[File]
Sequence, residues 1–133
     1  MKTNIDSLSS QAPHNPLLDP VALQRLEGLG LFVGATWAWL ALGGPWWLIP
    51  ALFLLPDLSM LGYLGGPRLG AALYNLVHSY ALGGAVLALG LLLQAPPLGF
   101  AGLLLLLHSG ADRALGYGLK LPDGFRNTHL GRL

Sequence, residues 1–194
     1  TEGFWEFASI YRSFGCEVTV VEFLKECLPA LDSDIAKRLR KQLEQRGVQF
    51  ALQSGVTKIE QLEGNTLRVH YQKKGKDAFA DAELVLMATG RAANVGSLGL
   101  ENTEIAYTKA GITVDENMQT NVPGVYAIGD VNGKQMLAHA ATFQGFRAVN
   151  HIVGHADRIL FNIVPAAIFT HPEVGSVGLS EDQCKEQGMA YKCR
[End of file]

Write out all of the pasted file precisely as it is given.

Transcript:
Sequence, residues 1–133
     1  MKTNIDSLSS QAPHNPLLDP VALQRLEGLG LFVGATWAWL ALGGPWWLIP
    51  ALFLLPDLSM LGYLGGPRLG AALYNLVHSY ALGGAVLALG LLLQAPPLGF
   101  AGLLLLLHSG ADRALGYGLK LPDGFRNTHL GRL

Sequence, residues 1–194
     1  TEGFWEFASI YRSFGCEVTV VEFLKECLPA LDSDIAKRLR KQLEQRGVQF
    51  ALQSGVTKIE QLEGNTLRVH YQKKGKDAFA DAELVLMATG RAANVGSLGL
   101  ENTEIAYTKA GITVDENMQT NVPGVYAIGD VNGKQMLAHA ATFQGFRAVN
   151  HIVGHADRIL FNIVPAAIFT HPEVGSVGLS EDQCKEQGMA YKCR